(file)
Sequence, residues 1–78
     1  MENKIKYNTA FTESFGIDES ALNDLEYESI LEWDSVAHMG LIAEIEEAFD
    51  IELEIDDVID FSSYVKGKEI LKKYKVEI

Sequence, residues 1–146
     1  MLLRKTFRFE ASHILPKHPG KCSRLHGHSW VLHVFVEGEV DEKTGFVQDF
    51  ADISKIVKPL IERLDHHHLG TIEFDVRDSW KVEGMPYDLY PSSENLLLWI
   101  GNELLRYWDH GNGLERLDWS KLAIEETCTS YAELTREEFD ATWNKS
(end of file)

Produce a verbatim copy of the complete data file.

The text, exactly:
Sequence, residues 1–78
     1  MENKIKYNTA FTESFGIDES ALNDLEYESI LEWDSVAHMG LIAEIEEAFD
    51  IELEIDDVID FSSYVKGKEI LKKYKVEI

Sequence, residues 1–146
     1  MLLRKTFRFE ASHILPKHPG KCSRLHGHSW VLHVFVEGEV DEKTGFVQDF
    51  ADISKIVKPL IERLDHHHLG TIEFDVRDSW KVEGMPYDLY PSSENLLLWI
   101  GNELLRYWDH GNGLERLDWS KLAIEETCTS YAELTREEFD ATWNKS